This ancient university town of Salamanca was first conquered by the Carthaginians in the 3rd century B.C. It then became a Roman settlement before being ruled by the Moors until the 11th century. The university, one of the oldest in Europe, reached its high point during Salamanca's golden age. The city's historic centre has important Romanesque, Gothic, Moorish, Renaissance and Baroque monuments. The Plaza Mayor, with its galleries and arcades, is particularly impressive.
Beginning with the Roman Bridge that spans the River Tormes southwest of the city, numerous structures still testify to the two thousand year-old history of antique Salmantica. The remarkable examples include the Old Cathedral and San Marcos (12th century), the Salina and the Monterrey Palaces (16th century), and above all the Plaza Mayor (1729-1755). But the city owes its most essential features to the University. The remarkable group of buildings in Gothic, Renaissance, and Baroque styles, which, from the 15th to 18th centuries, rose to the institution that proclaimed itself “Mother of Virtues, Sciences, and the Arts” makes Salamanca an exceptional example of an old university town in the Christian world, such as Oxford and Cambridge.
The Cathedral School of Salamanca existed as far back as the late 12th century. The oldest university building in Salamanca, now the Rectorate, is the old Hospital del Estudio, built in 1413, with the final element of the building programme begun in 1533.
Salamanca provides one of the oldest examples of university facilities conceived as such rather than as colleges. However, the city also boasted many colleges, which were generally charitable institutions with close ties to the University.
Most of these buildings are located in the Old Quarter of the city. However, other monuments, located in the surroundings of the protected core area, are also part of the property. All are magnificent examples of religious architecture belonging to different styles: the Romanesque churches of San Marcos, San Juan de Barbalos, and San Cristóbal, the convents of Las Claras and Santa Teresa, the Gothic-Renaissance church of Sancti Spiritus, and the Colegio de los Irlandeses.References:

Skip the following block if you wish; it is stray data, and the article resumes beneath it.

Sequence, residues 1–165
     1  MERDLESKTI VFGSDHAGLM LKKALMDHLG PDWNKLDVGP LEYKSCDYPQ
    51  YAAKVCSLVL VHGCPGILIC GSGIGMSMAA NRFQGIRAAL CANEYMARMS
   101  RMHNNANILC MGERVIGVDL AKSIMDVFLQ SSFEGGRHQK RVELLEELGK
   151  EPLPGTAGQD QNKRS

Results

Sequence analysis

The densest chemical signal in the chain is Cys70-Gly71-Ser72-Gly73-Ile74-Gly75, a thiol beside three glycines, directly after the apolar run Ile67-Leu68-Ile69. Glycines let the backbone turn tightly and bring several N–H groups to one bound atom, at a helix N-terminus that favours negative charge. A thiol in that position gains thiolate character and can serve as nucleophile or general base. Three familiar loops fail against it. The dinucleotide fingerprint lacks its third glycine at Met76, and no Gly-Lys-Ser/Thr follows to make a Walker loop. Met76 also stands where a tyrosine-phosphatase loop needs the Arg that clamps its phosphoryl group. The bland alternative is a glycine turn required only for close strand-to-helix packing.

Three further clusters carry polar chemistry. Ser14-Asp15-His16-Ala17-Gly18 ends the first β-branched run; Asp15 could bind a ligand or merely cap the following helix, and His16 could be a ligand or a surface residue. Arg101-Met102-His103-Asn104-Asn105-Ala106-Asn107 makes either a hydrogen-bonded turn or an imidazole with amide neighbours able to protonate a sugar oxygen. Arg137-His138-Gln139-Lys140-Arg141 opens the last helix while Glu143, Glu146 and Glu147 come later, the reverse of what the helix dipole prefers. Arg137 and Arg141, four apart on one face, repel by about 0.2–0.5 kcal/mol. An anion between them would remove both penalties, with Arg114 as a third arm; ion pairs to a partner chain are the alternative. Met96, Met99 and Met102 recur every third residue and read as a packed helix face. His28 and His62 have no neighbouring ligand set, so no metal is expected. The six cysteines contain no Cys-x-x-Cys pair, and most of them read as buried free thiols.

The Castle of Gruyères is one of the most famous in Switzerland. It was built between 1270 and 1282, following the typical square plan of the fortifications in Savoy. It was the property of the Counts of Gruyères until the bankruptcy of the Count Michel in 1554. His creditors the cantons of Fribourg and Bern shared his earldom. From 1555 to 1798 the castle became residence to the bailiffs and then to the prefects sent by Fribourg.
In 1849 the castle was sold to the Bovy and Balland families, who used the castle as their summer residency and restored it. The castle was then bought back by the canton of Fribourg in 1938, made into a museum and opened to the public. Since 1993, a foundation ensures the conservation as well as the highlighting of the building and the art collection.
The castle is the home of three capes of the Order of the Golden Fleece. They were part of the war booty captured by the Swiss Confederates (which included troops from Gruyères) at the Battle of Morat against Charles the Bold, Duke of Burgundy in 1476. As Charles the Bold was celebrating the anniversary of his father's death, one of the capes is a black velvet sacerdotal vestment with Philip the Good's emblem sewn into it.
A collection of landscapes by 19th century artists Jean-Baptiste-Camille Corot, Barthélemy Menn and others are on display in the castle.